CHICAGO (AP) — New research suggests shots that protect against cervical cancer do not make girls promiscuous.
A study involving nearly 1,400 girls enrolled in a Kaiser Permanente health plan in Atlanta is the first to compare medical records for vaccinated and unvaccinated girls.
The researchers didn't ask girls about having sex, but instead looked at "markers" of sexual activity after vaccination against the sexually transmitted human papillomavirus, or HPV. Researchers examined records on whether girls had sought birth control advice; tests for sexually transmitted diseases or pregnancy; or had become pregnant.
Very few of the girls who got the shots at age 11 or 12 had done any of those over the next three years, or by the time they were 14 or 15.
The study was published online in Pediatrics. Three of the study's four co-authors reported having done previous research funded by Merck, the vaccine's maker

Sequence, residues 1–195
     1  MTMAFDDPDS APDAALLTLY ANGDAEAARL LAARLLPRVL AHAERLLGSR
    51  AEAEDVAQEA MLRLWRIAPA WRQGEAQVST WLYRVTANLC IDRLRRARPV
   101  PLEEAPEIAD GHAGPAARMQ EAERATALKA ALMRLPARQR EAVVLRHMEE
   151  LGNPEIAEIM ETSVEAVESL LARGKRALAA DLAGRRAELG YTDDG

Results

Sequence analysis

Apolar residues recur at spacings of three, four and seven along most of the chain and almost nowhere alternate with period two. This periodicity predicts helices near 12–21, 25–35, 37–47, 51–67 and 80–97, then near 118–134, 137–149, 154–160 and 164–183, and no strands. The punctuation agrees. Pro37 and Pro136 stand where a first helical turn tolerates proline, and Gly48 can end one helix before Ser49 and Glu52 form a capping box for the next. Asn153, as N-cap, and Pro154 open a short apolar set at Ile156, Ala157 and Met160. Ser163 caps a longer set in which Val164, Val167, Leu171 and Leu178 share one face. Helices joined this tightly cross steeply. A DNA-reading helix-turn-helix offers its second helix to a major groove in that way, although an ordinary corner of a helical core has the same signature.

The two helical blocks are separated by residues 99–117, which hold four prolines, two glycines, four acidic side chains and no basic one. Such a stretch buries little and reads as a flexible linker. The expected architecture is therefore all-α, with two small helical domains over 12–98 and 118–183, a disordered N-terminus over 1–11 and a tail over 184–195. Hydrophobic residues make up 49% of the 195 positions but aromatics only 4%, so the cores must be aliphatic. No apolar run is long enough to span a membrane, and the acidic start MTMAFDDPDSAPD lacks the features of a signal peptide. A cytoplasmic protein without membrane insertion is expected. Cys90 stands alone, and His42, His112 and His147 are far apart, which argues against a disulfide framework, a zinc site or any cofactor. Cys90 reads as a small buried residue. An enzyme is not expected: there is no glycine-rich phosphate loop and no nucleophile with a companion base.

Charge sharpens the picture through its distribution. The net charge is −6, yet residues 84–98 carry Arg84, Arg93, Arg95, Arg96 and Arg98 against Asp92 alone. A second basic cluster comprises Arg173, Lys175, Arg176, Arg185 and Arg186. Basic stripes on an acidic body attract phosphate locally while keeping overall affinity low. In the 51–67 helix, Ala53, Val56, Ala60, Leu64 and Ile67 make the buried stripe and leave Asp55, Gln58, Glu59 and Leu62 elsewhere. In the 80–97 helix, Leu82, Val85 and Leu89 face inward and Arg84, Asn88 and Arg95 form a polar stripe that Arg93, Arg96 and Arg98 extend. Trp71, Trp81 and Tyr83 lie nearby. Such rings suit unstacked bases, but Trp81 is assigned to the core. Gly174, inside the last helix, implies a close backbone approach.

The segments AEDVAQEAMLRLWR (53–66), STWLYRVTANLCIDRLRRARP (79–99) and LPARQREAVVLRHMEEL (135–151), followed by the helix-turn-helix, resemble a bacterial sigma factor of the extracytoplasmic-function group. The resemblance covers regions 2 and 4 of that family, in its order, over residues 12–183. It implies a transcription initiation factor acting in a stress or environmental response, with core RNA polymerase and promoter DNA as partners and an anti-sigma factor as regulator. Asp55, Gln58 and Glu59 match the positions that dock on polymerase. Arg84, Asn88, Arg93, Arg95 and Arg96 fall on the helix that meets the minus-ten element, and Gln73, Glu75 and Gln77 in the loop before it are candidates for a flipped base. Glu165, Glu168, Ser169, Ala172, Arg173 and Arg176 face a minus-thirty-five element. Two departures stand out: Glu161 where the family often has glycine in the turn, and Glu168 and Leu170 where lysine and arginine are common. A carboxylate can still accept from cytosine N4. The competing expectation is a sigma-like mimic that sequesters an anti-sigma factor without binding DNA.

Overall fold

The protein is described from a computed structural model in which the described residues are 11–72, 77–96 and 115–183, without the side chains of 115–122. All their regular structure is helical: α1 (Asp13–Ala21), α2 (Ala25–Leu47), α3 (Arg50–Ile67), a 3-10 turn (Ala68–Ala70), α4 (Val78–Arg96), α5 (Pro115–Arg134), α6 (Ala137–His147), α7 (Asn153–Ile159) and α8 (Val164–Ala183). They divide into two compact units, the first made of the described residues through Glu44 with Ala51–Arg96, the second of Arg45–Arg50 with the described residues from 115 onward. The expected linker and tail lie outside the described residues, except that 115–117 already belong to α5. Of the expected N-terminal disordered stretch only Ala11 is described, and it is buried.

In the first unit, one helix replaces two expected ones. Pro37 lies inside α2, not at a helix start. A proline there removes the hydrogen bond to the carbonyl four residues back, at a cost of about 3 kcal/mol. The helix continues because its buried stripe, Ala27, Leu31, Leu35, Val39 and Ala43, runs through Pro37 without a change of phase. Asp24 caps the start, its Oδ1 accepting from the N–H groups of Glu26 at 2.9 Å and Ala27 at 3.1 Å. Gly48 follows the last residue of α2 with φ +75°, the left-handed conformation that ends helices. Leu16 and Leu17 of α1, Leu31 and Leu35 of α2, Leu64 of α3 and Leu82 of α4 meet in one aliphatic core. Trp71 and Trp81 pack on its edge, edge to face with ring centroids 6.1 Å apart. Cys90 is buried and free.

238-c-19-(Diane Kepley, AP correspondent)-"suggested it doesn't"-AP correspondent Diane Kepley reports on a new study on whether there might be a link between getting a vaccine against HPV and increased sexual activity. (14 Oct 2012)
<<CUT *238 (10/14/12)>> 00:19 "suggested it doesn't"
236-v-35-(Diane Kepley, AP correspondent)--Getting vaccinated for a sexually transmitted disease does not necessarily lead to increase sexual activity. AP correspondent Diane Kepley reports. (14 Oct 2012)
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237-c-19-(Diane Kepley, AP correspondent)-"possible sexual activity"-AP correspondent Diane Kepley reports a new study shows there is no link between getting an HPV vaccine at an early age and increased sexual activity. (14 Oct 2012)
<<CUT *237 (10/14/12)>> 00:19 "possible sexual activity"